Mapping Mount Erciyes - 25/05/2018


Back in 2008, when I was doing my degree in European Studies, I spent almost six months as an intern in Turkey. I still cherish many great memories of my time in that lively and dynamic country at the intersection of Europe and the Middle East. I experienced the famous Turkish hospitality first-hand, I drank countless cups of tea and I learned a lot about the culture and the customs of the people. While I was there, I seized the opportunity to travel and explore as much as possible of the captivating country. I recall how I loved the fascinating landscape of Cappadocia, enjoyed the open-minded atmosphere in Eskişehir, and was impressed by Istanbul, but an absolute highlight was Mount Erciyes, situated in central Anatolia. Erciyes Dağı, as the mountain is called in Turkish, is a large stratovolcano that rises up from the Anatolian plateau. The snow-covered mountain is visible from a distance of 50km, and its majestic appearance made a lasting impression on me; it is one of the most breathtaking landscapes I have ever seen in my life. And now, ten years later, I have the honour to include an article in this edition of GIM International titled ‘UAS Photogrammetry for Mapping Mountains’. This project shows that unmanned airborne systems have great potential for rapidly mapping mountainous areas, and takes us to Mount Erciyes, which was 3D mapped to produce a DSM and an orthoimage. So don’t delay – and read this inspiring story!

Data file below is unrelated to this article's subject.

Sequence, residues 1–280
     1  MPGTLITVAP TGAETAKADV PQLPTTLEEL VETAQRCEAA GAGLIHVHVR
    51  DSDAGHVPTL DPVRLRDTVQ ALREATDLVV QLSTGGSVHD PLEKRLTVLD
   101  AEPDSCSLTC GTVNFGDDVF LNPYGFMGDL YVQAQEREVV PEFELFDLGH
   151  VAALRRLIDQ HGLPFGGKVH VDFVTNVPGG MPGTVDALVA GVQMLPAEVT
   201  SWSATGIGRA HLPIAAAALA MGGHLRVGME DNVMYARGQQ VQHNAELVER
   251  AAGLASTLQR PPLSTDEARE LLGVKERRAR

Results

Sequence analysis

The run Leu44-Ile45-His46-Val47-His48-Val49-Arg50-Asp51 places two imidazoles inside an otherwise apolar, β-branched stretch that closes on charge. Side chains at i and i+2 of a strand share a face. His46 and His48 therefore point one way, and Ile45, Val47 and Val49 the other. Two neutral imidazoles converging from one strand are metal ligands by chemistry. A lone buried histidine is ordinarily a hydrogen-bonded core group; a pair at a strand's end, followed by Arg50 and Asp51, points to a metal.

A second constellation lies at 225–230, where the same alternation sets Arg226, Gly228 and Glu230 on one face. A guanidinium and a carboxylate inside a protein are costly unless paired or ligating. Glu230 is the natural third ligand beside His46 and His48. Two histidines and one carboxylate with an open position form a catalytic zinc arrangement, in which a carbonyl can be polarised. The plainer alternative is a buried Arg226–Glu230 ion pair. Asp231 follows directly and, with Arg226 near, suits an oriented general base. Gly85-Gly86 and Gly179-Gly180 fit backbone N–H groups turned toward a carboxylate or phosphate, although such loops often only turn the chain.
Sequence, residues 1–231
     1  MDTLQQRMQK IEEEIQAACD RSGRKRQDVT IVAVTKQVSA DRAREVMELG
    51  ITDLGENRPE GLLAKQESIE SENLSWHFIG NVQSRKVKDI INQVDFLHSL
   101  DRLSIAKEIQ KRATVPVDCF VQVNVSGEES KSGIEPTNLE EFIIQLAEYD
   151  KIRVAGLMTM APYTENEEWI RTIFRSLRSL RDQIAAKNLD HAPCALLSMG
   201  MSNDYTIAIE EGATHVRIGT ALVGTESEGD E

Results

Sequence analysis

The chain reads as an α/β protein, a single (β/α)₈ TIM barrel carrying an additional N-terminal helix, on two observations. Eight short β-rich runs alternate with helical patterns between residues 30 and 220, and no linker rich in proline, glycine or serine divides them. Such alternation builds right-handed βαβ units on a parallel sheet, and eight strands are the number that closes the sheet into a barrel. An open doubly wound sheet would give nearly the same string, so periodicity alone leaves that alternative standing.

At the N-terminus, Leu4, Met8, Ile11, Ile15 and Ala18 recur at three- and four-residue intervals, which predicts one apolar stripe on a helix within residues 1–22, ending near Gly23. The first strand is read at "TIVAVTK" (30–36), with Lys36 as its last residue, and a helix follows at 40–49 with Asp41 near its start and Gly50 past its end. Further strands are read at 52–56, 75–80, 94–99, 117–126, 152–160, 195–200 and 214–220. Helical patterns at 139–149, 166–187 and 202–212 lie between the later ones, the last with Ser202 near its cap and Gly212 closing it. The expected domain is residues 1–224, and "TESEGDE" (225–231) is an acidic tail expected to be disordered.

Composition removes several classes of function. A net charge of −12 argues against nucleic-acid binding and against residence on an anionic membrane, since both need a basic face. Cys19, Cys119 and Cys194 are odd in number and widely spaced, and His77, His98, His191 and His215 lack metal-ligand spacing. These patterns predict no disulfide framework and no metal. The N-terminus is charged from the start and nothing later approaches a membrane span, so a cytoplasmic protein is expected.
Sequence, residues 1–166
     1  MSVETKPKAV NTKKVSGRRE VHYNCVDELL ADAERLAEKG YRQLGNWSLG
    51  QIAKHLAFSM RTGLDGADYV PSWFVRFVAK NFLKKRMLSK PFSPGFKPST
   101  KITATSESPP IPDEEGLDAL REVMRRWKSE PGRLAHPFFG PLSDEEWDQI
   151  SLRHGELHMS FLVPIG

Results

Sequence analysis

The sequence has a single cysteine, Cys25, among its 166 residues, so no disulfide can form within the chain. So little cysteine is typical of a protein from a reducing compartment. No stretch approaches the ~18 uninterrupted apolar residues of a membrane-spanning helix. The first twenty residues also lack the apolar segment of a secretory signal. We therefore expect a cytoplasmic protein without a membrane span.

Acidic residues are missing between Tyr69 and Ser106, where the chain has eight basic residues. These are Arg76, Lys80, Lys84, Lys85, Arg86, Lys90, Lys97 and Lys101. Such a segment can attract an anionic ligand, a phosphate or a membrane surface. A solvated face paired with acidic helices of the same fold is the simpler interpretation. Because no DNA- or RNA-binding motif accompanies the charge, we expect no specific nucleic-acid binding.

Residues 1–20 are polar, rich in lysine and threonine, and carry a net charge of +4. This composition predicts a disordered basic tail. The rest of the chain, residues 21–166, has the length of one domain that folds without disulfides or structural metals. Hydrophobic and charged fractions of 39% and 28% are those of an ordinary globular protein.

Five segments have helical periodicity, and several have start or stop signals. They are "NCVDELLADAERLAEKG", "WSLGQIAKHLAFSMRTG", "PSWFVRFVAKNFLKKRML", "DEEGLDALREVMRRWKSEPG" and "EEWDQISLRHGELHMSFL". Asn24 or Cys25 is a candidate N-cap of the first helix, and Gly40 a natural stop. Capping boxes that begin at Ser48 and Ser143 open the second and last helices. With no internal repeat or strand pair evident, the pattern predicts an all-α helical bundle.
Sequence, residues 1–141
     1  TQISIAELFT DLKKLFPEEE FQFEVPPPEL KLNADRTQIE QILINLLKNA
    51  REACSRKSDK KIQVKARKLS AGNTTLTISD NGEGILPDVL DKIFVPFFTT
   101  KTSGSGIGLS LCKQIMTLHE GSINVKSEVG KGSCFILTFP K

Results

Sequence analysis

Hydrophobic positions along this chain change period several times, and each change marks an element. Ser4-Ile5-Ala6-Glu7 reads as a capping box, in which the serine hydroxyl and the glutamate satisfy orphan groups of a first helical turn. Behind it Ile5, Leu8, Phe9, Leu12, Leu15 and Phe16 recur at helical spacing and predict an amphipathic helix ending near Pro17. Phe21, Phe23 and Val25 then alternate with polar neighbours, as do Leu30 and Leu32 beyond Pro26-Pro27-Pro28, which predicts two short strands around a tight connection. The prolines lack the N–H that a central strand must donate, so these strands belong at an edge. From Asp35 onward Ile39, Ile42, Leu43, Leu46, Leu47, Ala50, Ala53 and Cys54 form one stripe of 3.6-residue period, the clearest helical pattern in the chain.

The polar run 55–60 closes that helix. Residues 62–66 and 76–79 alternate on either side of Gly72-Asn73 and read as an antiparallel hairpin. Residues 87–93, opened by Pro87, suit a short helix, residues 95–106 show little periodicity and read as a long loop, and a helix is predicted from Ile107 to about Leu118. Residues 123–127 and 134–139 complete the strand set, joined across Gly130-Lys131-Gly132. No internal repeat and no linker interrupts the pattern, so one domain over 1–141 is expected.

Last updated: 16/10/2018